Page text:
What is happening in the markets

Bearing in mind what has been explained about the markets in Europe, let us try to analyse the developments in recent months. On the one hand, electricity consumption in Europe returned very close to pre-pandemic levels in the second quarter of this year (n.d.r. 2021), thanks in part to an increase in economic activity in response to the relaxation of the Covid19 freeze measures, although it remained slightly below 2019 levels (-0.5%). On the other hand, energy prices rose to all-time highs. Indeed, the perfect storm was created by an unfavourable intersection of factors: a sharp rise in commodity prices (mainly gas) in combination with an increase in energy demand linked to the economic recovery and temperature fluctuations in Europe, which led to a harsher-than-expected winter in the first half of the year, halving European gas reserves.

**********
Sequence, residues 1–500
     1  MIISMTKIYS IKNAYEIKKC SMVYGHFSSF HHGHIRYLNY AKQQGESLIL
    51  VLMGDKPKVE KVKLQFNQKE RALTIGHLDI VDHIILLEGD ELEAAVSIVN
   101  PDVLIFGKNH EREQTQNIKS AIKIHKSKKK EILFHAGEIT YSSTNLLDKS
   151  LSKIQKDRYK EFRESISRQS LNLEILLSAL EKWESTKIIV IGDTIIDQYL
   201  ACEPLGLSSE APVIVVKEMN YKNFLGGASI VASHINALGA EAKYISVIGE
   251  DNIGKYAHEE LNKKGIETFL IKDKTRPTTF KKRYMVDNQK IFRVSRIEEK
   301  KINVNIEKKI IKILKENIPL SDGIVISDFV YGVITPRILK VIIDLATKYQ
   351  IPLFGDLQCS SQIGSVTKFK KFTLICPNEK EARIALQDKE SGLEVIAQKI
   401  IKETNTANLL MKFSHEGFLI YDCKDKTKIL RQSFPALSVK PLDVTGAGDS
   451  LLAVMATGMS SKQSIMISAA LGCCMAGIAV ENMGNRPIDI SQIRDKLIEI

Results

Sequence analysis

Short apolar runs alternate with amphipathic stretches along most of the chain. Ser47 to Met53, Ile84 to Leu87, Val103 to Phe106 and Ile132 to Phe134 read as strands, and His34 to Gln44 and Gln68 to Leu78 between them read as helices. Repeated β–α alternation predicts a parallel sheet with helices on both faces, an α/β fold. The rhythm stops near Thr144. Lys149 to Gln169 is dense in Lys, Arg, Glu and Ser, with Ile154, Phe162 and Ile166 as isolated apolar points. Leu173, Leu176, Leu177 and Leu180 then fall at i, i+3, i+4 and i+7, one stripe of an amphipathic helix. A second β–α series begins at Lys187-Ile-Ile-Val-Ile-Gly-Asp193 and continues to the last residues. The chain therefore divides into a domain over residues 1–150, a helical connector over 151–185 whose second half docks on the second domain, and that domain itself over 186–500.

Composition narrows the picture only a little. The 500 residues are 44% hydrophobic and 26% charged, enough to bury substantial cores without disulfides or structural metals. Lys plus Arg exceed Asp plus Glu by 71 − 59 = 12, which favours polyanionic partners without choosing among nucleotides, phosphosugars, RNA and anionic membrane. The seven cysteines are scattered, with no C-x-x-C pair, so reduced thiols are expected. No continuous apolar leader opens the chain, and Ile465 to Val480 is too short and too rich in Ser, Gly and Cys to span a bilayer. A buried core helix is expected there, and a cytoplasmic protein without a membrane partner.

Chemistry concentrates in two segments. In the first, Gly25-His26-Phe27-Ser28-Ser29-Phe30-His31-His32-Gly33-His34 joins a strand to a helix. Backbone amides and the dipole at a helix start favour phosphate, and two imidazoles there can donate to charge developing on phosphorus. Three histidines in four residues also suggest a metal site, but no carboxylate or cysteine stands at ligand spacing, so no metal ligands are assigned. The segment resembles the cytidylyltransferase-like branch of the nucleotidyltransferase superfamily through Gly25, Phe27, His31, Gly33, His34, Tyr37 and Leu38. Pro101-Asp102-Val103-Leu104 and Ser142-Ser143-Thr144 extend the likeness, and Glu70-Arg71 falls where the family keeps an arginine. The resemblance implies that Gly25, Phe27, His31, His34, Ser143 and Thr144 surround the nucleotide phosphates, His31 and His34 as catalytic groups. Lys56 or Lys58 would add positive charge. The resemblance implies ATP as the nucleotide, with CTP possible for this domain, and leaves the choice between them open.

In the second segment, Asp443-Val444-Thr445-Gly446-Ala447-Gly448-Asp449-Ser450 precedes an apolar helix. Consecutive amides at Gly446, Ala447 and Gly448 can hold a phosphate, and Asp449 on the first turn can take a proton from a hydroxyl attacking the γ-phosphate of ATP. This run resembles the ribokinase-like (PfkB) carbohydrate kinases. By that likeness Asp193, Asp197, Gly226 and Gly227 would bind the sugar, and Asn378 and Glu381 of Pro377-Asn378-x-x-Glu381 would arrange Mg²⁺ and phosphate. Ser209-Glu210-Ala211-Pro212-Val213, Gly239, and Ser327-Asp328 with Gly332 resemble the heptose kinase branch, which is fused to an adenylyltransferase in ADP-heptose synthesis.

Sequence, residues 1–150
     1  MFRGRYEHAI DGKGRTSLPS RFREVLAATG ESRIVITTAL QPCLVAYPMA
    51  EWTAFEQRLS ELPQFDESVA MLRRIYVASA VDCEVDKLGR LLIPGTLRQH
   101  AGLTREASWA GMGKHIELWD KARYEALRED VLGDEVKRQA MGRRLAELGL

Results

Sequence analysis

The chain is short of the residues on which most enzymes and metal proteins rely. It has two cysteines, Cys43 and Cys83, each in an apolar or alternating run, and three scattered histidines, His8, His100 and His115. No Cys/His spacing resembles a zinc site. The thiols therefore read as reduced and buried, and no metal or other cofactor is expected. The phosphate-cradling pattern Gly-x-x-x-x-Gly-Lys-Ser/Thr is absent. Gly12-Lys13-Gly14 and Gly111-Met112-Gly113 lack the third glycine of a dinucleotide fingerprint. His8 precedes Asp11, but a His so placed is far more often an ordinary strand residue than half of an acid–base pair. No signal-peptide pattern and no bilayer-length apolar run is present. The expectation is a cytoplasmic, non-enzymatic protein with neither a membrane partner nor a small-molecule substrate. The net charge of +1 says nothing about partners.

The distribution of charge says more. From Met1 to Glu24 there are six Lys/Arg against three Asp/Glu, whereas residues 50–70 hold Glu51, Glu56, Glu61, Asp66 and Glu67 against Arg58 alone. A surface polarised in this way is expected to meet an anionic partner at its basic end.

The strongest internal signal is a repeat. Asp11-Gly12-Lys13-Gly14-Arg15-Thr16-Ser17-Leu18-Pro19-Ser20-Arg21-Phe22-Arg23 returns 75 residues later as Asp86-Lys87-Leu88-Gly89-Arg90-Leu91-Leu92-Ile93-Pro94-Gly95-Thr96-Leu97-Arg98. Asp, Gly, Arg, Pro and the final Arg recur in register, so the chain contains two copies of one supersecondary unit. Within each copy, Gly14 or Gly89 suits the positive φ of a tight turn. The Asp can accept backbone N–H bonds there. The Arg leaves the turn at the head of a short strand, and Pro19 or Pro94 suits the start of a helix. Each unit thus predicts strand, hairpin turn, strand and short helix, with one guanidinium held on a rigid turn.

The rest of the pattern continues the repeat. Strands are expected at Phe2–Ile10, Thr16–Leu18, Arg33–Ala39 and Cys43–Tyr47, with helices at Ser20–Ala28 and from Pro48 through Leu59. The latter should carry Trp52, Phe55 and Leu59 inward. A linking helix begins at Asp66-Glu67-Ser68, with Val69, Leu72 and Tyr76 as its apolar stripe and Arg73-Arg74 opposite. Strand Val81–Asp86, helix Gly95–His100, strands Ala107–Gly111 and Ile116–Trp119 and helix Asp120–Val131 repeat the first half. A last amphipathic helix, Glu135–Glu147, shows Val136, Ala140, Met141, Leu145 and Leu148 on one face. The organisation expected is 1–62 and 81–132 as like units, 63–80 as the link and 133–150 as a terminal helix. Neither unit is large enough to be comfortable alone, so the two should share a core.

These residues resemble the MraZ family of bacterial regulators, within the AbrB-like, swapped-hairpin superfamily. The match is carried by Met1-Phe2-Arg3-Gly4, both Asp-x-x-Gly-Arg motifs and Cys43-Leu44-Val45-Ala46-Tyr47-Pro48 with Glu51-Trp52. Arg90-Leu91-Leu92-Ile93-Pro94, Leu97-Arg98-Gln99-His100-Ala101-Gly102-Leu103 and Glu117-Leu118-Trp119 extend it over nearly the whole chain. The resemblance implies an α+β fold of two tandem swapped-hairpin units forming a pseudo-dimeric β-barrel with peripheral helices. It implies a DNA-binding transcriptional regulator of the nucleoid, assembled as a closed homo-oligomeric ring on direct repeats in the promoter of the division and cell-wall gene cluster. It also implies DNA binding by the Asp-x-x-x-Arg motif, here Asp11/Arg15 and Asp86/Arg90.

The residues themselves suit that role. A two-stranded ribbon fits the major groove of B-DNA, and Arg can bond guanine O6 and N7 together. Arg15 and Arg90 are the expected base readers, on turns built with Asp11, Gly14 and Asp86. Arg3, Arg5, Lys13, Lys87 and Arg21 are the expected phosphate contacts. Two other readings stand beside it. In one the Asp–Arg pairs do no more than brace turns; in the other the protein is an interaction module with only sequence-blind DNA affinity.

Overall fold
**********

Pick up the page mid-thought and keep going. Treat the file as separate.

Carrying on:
To a lesser extent, the strengthening of carbon prices also contributed to the price increase. Specifically, the European CO2 taxation system (ETS – Emission Trading System) imposes a payment on plants producing electricity from fossil fuels (e.g. gas and coal), which has led to a further price increase. So the ETS does not work? Far from it, with the money collected from these taxes, energy projects from renewable sources are massively financed. It was the combination of factors that broke the bank, leading wholesale electricity prices to rise by 180% (year-on-year in August) and five times the lowest prices recorded during the pandemic.